Richard Florida

Richard Florida is a co-founder and editor at large of CityLab and a senior editor at The Atlantic. He is a university professor in the University of Toronto’s School of Cities and Rotman School of Management, and a distinguished fellow at New York University’s Schack Institute of Real Estate and visiting fellow at Florida International University.

A crowded room of residents attend a local public forum in Chapel Hill, North Carolina.

Are Local Politics As Polarized As National? Depends on the Issue.

Republican or Democrat, even if we battle over national concerns, research finds that in local politics, it seems we can all just get along—most of the time.

Tech workers sit around a table on their laptops in San Francisco, California

America’s Tech Hubs Still Dominate, But Some Smaller Cities Are Rising

Despite established urban tech hubs, some smaller cities are attracting high-tech jobs with lower living costs, unique talent pools, and geographic diversity.

A photo of couples dancing in a park.

The Geography of Online Dating

When looking for love, most people don’t look far from home. That's what a big-data analysis of interactions on a dating site revealed.

A photo of empty storefronts in a small American town.

How ‘Heartland Visas’ Could Reduce Geographic Inequality

Place-based immigrant visas could help revitalize America’s left-behind cities and regions, economic researchers say in a new report.

A school bus driving through a suburb.

How Families With Kids Drive Suburban Segregation

The old divide between family-friendly suburbs and childless city living is fading. The new divide is within the suburbs themselves.

People handle guns on display at a show in Las Vegas.

The 3 Gun-Control Laws That Work Best in the U.S.

States with stricter gun-control laws have fewer homicides, especially when they’re used in combination, according to a new study.

A blue, red, and gray map indicating income inequality in 2013

How the 1 Percent Is Pulling America’s Cities and Regions Apart

America’s growing geographic divide derives from economic inequality, especially the tremendous gains of the 1 percent.

A photo of crowds at Sundance Film Festival in Park City, Utah.

The Economic Power of American Arts and Culture

The contribution of culture and art to the U.S. economy is bigger than the economic output of Sweden or Switzerland, according to a new report.

Students cheer at Kalamazoo Central High School graduation.

A Guide to Successful Place-Based Economic Policies

A new Upjohn Institute report documents four key pillars that can guide successful place-based economic development and local job growth.

How Poor Americans Get Exploited by Their Landlords

American landlords derive more profit from renters in low-income neighborhoods, researchers Matthew Desmond and Nathan Wilmers find.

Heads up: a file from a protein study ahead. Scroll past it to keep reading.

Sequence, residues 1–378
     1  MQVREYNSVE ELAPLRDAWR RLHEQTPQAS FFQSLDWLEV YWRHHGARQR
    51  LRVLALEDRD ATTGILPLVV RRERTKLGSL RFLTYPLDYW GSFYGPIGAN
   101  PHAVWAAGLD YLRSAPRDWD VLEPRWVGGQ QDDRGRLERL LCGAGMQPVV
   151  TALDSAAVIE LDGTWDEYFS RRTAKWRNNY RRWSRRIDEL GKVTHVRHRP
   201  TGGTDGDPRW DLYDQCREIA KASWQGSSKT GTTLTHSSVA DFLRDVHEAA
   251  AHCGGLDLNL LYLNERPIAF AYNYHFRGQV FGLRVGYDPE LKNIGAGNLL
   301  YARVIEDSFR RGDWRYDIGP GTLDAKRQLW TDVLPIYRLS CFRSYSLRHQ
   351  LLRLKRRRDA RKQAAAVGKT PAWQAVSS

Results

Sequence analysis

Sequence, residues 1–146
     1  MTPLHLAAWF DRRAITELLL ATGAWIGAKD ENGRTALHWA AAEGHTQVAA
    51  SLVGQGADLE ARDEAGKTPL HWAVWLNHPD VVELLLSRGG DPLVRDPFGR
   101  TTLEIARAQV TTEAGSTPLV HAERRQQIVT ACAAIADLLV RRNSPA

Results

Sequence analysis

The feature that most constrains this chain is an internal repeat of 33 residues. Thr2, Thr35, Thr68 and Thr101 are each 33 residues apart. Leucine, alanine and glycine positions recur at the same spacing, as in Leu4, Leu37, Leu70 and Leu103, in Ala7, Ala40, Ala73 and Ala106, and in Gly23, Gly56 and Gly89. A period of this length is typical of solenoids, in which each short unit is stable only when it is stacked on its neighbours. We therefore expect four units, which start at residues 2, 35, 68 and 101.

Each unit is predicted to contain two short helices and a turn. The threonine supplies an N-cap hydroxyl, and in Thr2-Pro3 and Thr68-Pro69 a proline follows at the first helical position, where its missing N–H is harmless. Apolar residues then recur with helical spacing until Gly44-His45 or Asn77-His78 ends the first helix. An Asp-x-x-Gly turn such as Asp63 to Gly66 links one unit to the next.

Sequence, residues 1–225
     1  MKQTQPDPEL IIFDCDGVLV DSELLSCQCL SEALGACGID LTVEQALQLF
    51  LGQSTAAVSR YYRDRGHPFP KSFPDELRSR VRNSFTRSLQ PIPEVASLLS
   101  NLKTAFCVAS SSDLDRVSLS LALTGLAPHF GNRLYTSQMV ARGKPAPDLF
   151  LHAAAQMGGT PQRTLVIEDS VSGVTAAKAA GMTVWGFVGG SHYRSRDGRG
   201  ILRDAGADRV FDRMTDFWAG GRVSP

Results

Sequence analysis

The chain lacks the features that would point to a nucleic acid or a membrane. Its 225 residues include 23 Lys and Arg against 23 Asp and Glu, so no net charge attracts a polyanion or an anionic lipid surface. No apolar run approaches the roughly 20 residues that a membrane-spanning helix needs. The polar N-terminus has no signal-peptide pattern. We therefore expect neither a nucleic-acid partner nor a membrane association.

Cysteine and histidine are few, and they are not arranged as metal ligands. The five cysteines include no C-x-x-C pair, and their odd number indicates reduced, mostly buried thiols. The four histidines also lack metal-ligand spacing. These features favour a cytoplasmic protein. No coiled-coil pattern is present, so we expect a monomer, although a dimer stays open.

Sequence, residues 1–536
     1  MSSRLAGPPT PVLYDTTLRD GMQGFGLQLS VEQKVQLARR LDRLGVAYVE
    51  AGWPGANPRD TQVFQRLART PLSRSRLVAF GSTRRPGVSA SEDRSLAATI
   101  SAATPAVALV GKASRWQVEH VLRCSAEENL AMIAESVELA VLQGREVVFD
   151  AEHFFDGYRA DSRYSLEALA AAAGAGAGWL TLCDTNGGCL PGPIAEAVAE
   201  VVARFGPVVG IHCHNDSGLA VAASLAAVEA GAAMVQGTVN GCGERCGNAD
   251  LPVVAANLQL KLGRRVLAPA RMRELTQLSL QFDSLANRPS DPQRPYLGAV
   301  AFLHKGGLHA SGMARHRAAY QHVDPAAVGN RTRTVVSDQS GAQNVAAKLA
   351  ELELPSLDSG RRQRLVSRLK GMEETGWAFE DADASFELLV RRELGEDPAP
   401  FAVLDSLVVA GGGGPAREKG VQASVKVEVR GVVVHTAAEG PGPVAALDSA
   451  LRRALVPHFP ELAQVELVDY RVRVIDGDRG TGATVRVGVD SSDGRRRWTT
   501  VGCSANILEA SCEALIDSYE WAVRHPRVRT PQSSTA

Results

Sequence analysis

A cyclist rides through a desert park and nature preserve in Phoenix.

The Inequality of America’s Parks and Green Space

New research finds that income, education, and race are correlated with access to green space across and within U.S. metro areas.

People in New York City

How Density Can Deter Growth in America’s Largest Metros

A new report examines why the largest U.S. metros actually face population decline.

A suburban Atlanta house with downtown skyscrapers in the background

Urban, Suburban, and Rural: We’re More Alike Than We Think

No matter the nature of the locale—urban, suburban, or rural—differences stem more from who we are than what we want in our communities.

Large houses line a street in suburban Ohio.

The Persistent Economic Advantage of America’s Suburbs

A new study finds that suburban neighborhoods outperform urban ones across the board.

A map of geographic mobility in the United States

The Geography of America’s Mobile and ‘Stuck,’ Mapped

The United States is facing a new class distinction: those who are mobile across state lines, and those who are stuck.

A map of economic mega-regions around the world

The Real Powerhouses That Drive the World’s Economy

It’s not nation states or even cities, but mega-regions—combinations of multiple metro areas—that are the real forces powering the global economy.

A photo of a train stopping in downtown Miami.

6 Rules for Better, More Inclusive Economic Development in Cities

Urban leaders need to kick the incentive habit and take a more inclusive approach to growing local economies.

A photo of Anne Wojcicki, CEO and co-founder of 23andMe, speaking at a conference.

Where Women Startup Founders Are Gaining Ground

The share of VC-backed startups with women founders has grown dramatically, but Silicon Valley lags behind other hubs.

Multicolored maps of Los Angeles, San Francisco, and Tampa, denoting neighborhood fragmentation

Urban Neighborhoods, Once Distinct by Race and Class, Are Blurring

Yet in cities, affluent white neighborhoods and high-poverty black ones are outliers, resisting the fragmentation shown with other types of neighborhoods.

Amazon’s HQ2 Fiasco Will Cost the Company More Than It Costs New York

The mega-company has bucked dealing reasonably with New York City, Seattle, and any community that asks them to pay for its freight.